Written by Keshala Dias
07 Jun, 2017 | 8:17 pm
The United Arab Emirates tightened the squeeze on fellow Gulf state Qatar today, threatening that anyone publishing expressions of sympathy towards it with up to 15 years in prison, and barring Qatari passport or resident visa holders entry.
A local newspaper reported that on top of a possible jail term, offenders could also be hit with a fine of at least 500,000 UAE dirhams.
Efforts to defuse the regional crisis showed no immediate signs of success.
UAE Minister of State for Foreign Affairs Anwar Gargash threatened more curbs if necessary and said Qatar needed to make “iron-clad” commitments to change policies on funding militants. Qatar vehemently denies giving such support.
Saudi Arabia’s Foreign Minister Adel al-Jubeir told reporters in Paris that Qatar must end its support for the Palestinian group Hamas and the Muslim brotherhood before ties with other Arab Gulf states could be restored.
Jubeir declined to say exactly what he wanted Qatar to do immediately, but said the measures taken by Arab states, including a sea, land and air blockade would have a considerable cost on the country.
Kuwait’s Emir, Sheikh Sabah Al Ahmad Al Jaber Al Sabah, visited Saudi Arabia yesterday, to hold talks with the Saudi King Salman bin Abdul Aziz on ways of defusing the escalating crisis.
No details were given on the talks.
Turkish President Tayyip Erdogan said isolating Qatar, including the use of sanctions, would not resolve any problems, adding that Ankara would continue to do everything in its power to help end the crisis.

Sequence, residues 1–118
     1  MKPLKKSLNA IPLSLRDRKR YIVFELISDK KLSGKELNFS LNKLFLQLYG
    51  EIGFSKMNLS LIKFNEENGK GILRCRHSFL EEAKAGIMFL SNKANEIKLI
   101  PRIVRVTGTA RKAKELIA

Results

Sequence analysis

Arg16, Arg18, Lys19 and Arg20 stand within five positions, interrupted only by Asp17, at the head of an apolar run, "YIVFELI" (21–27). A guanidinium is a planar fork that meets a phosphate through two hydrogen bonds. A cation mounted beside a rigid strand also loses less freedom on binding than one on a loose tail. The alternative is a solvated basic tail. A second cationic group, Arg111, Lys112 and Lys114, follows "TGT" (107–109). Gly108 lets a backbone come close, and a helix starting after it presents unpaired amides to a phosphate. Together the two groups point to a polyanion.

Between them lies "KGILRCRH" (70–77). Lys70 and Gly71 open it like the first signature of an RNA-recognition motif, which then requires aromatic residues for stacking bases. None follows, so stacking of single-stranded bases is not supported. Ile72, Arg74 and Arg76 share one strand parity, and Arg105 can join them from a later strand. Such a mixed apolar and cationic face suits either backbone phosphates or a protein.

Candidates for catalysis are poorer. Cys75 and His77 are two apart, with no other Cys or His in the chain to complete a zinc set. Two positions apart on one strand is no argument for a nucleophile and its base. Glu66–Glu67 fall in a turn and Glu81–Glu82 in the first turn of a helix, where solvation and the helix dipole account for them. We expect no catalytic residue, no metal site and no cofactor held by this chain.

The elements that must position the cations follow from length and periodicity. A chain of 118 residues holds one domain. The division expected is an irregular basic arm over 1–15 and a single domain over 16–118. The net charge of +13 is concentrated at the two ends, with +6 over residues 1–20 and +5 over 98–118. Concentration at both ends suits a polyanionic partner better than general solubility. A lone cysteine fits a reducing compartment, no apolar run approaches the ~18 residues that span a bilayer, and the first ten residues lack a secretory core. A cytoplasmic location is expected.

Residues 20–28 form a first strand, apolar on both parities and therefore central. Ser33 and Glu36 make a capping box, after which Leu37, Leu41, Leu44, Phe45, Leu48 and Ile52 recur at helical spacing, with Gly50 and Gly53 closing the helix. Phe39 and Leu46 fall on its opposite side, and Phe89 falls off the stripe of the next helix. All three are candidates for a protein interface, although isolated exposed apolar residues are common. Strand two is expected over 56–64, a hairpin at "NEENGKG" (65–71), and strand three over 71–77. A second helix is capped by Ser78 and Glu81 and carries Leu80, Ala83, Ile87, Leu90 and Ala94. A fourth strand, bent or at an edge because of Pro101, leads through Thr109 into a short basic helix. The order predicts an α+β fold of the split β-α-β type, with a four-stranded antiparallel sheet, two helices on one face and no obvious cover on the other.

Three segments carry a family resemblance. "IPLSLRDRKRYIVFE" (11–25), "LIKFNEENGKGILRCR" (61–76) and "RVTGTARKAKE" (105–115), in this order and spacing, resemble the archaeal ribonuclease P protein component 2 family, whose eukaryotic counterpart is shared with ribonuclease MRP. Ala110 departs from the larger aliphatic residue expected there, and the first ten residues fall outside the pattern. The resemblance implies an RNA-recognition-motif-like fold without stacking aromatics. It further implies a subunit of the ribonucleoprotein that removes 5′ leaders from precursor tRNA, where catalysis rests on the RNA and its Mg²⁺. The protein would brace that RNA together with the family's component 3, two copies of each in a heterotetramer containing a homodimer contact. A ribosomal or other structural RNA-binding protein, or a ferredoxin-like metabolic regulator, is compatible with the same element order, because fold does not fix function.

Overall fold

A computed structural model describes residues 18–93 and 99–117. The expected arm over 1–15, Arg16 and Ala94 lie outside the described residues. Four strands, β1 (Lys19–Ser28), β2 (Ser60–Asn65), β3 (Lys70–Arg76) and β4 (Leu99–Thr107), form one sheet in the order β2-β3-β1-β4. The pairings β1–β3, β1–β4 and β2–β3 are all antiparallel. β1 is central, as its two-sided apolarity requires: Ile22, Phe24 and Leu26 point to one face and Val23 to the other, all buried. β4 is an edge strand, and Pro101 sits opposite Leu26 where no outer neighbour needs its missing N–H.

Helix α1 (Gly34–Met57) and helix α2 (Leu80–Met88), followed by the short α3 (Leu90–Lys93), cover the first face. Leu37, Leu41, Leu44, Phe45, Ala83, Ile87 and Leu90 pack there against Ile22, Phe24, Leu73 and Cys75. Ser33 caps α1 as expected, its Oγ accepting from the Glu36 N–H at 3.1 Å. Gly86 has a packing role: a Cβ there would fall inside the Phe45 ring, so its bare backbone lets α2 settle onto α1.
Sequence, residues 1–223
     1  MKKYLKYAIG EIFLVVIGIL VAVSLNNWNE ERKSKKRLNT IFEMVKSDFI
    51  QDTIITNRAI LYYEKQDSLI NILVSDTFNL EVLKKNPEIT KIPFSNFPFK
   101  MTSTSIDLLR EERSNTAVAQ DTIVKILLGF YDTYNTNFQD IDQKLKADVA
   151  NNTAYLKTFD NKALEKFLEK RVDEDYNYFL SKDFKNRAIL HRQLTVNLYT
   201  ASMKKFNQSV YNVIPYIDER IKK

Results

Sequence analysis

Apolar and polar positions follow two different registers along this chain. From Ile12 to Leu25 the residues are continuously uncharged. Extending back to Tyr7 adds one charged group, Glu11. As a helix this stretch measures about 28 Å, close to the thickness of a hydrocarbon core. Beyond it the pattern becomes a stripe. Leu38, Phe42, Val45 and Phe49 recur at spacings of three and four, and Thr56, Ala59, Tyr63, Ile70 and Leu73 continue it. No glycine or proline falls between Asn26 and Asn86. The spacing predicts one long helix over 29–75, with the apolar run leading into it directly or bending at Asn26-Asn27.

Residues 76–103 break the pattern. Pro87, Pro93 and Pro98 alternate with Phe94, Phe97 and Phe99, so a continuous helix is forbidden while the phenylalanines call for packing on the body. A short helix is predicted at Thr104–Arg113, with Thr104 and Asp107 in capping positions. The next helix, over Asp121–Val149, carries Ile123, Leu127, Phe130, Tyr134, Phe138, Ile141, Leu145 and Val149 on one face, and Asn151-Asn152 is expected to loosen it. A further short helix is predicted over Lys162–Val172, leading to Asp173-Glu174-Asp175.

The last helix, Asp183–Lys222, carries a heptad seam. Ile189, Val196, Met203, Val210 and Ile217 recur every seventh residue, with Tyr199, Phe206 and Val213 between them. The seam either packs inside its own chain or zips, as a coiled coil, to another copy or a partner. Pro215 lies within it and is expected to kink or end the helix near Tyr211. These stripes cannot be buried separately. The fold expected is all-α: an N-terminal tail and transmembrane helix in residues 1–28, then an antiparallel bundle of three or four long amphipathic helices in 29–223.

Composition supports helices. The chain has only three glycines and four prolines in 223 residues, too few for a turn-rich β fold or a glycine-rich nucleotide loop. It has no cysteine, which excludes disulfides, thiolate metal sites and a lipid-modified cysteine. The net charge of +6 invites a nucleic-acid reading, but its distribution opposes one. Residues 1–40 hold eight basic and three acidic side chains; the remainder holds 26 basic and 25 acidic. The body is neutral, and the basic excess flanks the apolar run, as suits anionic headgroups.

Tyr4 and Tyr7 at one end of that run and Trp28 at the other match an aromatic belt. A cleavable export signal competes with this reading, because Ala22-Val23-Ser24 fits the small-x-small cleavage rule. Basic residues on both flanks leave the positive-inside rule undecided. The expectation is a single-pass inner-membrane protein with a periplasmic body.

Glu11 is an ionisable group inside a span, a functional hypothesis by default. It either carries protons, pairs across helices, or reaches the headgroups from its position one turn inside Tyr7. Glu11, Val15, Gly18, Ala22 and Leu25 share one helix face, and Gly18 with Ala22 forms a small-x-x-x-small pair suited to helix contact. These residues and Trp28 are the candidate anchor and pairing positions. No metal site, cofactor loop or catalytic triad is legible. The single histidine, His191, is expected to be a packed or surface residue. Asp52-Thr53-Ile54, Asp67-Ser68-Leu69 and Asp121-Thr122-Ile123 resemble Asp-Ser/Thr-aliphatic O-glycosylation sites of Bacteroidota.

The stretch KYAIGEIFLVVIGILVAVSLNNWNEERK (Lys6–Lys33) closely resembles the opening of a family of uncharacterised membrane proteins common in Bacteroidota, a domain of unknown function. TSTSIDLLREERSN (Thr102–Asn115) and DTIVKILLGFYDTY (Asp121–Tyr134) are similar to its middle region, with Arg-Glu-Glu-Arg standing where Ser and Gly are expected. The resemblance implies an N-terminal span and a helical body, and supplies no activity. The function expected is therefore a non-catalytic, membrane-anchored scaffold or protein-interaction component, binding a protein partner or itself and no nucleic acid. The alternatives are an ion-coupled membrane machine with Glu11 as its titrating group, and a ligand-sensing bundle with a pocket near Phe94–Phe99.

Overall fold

“I hope that all sanctions against Qatar will be lifted as soon as possible because I believe that classifying Qatar as a terror suspect is a severe accusation” said Turkish President Tayyip Erdogan.
Meantime, Iraqi Prime Minister Haider al-Abadi told a news conference in Baghdad that Iraq is not taking sides in the dispute that pits Saudi Arabia and other Gulf countries against Qatar.
The dispute between Qatar and the Arab countries escalated after a recent hack of Qatar’s state-run news agency.
And in a bizarre turn of events, US investigators believe Russian hackers breached Qatar’s state news agency and planted a fake news report that contributed to the crisis.
Qatari and US government officials say the FBI recently sent a team of investigators to Doha to help the Qatari government investigate the alleged hacking incident.
US officials say intelligence gathered by the US security agencies indicates that Russian hackers were behind the intrusion first reported by the Qatari government two weeks ago.
Qatar Airways customers crowded outside the company’s office in central Riyadh, petitioning for refunds or to be re-booked on flights with other airlines, as the diplomatic spat grew between the country and several other Gulf states.
The UAE’s state-owned Etihad Airways, meanwhile, said all travelers holding Qatari passports were currently prohibited from traveling to or transiting through the Emirates on government instructions.
Foreigners residing in Qatar and in possession of a Qatari residence visa would also not be eligible for visa on arrival in the UAE, the Etihad Spokesman said in an email.
Now there are thousands of stranded Qataris all over the region. They cannot take any direct flights back home but have to go through a detour.
The Kuwait International Airport has become one of these main hubs for such detour, because Kuwait has not cut its ties with Qatar.
The Philippines has also temporarily banned its workers from travelling to Qatar after several Arab countries broke off diplomatic ties with the Gulf state.
Philippines Labour Secretary Silvestre Bello said the ban would be in place until it completed an assessment of the situation.
The latest development comes a day after US President claimed credit for the pressure placed on Qatar, saying his recent visit to Saudi Arabia was “already paying off”.
In a series of tweets yesterday morning, Trump accused Qatar of funding terrorism and cast an anti-Islamist speech he made in Saudi Arabia as the inspiration for a decision by Arab powers to sever ties with Qatar in protest at what they say is the Gulf nation’s support for terrorism.
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